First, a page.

Page 4--Geologic Time

Figure 5. Xiphactinus was a type of fish that lived in the sea that covered western Kansas in the Cretaceous Period of the Mesozoic Era. This one, which is about 13 feet long, was found in the late 1800's and is on display at the University of Kansas Museum of Natural History (photo courtesy of the University of Kansas Museum of Natural History).

After years of studying the rocks, minerals, and features of the Earth, geologists have learned much about its geologic history. They have determined that the Earth is approximately 4 1/2 billion years old, give or take a few million years. The Earth is so old, no one knows its exact age.

Because 100 years seems like a long time, something billions, even millions, of years old is almost impossible to imagine. To make it easier to understand geologic history, scientists have divided all the time since the Earth was formed into four eras.

Figure 6. Scientists have divided time into units called eras. Eras are divided into periods, and periods into epochs. Dinosaurs lived during the Triassic, Jurassic, and Cretaceous Periods of the Mesozoic Era. Wel live in the Holocene Epoch of the Quaternary Period of the Cenozoic Era.

The first era, called the Precambrian, was much longer than any of the others. It lasted almost 4 billion years, or 88 percent of the Earth's history. Although the Precambrian Era includes much of that time, we know very little about it. Rocks formed during the Precambrian have gone through many changes; in Kansas and many other places, these rocks can only be found hundreds and even thousands of feet underground, making them difficult to study.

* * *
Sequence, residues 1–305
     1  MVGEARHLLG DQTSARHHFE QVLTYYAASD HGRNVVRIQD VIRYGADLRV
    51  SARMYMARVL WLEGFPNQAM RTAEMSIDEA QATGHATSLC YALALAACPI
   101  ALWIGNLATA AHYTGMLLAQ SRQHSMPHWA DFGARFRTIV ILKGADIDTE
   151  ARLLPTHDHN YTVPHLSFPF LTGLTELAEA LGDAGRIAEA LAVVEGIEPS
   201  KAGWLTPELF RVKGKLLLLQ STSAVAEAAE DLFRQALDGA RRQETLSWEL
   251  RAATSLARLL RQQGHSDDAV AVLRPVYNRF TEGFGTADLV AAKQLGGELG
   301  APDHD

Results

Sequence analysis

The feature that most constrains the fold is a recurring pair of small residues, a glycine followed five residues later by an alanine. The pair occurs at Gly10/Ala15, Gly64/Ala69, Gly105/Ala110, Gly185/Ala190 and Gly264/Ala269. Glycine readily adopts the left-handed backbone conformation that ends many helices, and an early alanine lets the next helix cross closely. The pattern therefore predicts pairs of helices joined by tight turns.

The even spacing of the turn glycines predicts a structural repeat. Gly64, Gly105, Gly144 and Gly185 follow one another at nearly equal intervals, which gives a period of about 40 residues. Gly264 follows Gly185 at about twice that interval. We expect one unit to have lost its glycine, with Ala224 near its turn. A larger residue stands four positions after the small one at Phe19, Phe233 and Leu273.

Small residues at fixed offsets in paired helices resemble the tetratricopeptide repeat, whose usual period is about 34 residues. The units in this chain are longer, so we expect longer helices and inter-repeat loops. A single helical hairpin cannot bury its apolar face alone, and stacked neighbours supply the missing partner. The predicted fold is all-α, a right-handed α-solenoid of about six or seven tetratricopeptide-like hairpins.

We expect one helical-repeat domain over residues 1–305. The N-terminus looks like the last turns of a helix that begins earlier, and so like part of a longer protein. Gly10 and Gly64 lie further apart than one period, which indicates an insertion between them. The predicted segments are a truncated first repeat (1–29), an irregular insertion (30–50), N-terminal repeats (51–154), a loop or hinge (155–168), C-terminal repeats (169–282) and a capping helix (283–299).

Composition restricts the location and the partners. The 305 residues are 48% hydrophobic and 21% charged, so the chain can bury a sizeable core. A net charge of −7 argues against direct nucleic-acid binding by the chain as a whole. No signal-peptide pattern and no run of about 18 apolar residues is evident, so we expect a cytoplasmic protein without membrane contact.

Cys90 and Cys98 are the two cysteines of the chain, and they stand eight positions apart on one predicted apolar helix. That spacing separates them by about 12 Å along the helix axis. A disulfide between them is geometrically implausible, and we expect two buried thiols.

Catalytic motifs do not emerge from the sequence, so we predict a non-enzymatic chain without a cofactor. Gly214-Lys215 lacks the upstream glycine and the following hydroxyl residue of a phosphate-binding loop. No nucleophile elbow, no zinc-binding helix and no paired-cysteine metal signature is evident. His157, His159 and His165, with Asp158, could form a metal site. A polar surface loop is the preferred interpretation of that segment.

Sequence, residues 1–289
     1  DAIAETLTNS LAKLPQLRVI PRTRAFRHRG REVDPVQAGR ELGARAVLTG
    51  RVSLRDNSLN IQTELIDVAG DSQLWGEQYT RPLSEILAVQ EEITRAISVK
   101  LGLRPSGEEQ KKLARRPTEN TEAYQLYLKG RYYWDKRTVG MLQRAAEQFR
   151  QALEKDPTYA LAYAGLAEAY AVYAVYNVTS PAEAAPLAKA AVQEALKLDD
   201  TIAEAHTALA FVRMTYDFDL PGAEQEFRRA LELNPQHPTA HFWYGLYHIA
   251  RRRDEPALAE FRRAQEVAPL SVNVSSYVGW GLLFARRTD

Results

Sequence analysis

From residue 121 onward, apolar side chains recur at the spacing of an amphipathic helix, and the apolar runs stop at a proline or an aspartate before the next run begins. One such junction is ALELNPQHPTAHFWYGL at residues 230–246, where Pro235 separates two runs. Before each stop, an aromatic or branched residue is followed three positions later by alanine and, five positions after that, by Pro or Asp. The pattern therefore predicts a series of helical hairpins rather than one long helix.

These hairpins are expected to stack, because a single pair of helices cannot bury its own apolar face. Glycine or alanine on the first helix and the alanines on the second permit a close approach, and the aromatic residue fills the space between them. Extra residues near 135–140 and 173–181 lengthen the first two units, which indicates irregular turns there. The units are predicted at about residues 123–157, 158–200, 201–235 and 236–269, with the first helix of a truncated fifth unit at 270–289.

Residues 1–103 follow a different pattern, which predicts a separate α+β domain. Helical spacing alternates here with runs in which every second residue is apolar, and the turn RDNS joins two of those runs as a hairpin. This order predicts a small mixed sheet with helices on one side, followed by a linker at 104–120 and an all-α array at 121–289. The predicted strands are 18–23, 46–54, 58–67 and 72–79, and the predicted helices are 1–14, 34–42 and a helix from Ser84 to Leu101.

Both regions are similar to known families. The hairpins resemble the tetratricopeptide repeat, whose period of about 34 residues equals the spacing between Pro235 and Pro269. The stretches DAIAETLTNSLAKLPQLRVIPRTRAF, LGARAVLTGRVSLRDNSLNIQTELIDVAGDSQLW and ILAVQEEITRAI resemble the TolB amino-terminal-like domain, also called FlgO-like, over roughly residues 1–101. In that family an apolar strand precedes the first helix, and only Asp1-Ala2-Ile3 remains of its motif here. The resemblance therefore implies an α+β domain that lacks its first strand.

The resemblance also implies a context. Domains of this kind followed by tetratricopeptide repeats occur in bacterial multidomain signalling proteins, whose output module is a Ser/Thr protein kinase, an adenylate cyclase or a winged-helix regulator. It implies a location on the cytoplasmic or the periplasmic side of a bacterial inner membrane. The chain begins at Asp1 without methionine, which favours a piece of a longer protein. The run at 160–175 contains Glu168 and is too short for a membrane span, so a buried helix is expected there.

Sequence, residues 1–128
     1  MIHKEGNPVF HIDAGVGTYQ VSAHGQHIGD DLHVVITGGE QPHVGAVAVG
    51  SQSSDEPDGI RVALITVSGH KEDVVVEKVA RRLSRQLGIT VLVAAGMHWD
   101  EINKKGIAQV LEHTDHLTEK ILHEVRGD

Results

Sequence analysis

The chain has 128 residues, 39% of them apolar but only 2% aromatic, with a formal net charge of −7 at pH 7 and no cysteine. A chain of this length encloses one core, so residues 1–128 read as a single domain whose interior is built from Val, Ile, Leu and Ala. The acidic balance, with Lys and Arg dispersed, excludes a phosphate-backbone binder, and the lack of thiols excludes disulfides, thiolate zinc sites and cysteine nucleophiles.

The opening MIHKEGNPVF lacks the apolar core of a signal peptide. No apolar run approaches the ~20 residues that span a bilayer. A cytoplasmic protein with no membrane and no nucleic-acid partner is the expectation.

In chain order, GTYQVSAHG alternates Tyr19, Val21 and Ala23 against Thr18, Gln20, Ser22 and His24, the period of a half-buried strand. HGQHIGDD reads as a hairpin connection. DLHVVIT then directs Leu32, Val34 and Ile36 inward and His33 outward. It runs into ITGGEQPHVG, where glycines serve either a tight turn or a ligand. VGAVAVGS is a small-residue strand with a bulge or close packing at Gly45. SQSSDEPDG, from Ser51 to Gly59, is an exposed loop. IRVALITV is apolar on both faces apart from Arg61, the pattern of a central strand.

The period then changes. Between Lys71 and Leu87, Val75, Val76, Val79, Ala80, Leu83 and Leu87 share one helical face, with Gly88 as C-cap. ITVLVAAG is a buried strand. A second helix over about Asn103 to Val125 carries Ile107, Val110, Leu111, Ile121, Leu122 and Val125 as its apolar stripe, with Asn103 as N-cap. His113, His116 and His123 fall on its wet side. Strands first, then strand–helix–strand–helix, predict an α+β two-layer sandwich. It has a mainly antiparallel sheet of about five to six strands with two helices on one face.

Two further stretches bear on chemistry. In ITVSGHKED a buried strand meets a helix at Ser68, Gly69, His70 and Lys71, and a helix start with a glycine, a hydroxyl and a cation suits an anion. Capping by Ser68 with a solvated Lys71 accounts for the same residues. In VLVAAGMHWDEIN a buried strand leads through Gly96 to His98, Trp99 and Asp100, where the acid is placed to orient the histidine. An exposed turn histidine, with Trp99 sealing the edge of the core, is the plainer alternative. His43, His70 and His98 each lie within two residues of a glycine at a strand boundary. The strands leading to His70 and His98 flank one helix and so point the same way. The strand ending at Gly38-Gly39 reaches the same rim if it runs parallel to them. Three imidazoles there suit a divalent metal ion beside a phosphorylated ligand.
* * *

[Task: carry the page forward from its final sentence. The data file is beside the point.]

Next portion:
After the Precambrian Era, more plant and animal species began to develop. During the Paleozoic Era, which followed the Precambrian and lasted 245 million years, plants and reptiles began moving from the sea to the land. The era has been divided into seven smaller units of time called periods. Several times during the Paleozoic Era, seas appeared and disappeared in Kansas. Rocks from the last three periods in the era, called the Mississippian, the Pennsylvanian, and the Permian periods, can be found at the surface in central and eastern Kansas.

Dinosaurs appeared and disappeared during the Mesozoic Era, which lasted 160 million years. Not many dinosaur fossils have been found in Kansas. During the first part of the Mesozoic, much of the surface in Kansas was being eroded. If dinosaurs lived in Kansas then, they weren't preserved. Later in the era, in the Cretaceous Period, much of the state was covered by seas. Because the land was under water, not many dinosaur fossils have been found, but bones from giant swimming and flying reptiles have been recovered in western Kansas chalk.

We're now in the Cenozoic Era, which began about 63 million years ago. Because it is the most recent era, we know the most about it. The glaciers that moved into Kansas from the north came during this era. Later, giant dust storms carried the soil away from some areas and deposited it in other places. As mountains were formed by volcanic activity in the western United States, layers of volcanic ash were deposited in Kansas.

Figure 7. This spiral shows the length of each era and period. Start at the bottom. If the spiral were 10 miles long, you would travel nearly nine miles before reaching the end of the Precambrian Era. The Paleozoic Era would be a little more than half a mile long or about the length of 11 football fields. The Mesozoic Era would be less than half a mile, or about eight football fields long. The Cenozoic Era would only be 200 yards long, or the length of a couple of football fields. People in Kansas would appear about two inches from the edge. As time passes, the spiral will slowly continue to grow, about one inch every 7,500 years (after Geologic Time, U.S. Geological Survey publication).

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Kansas Geological Survey
Updated March 13, 1996
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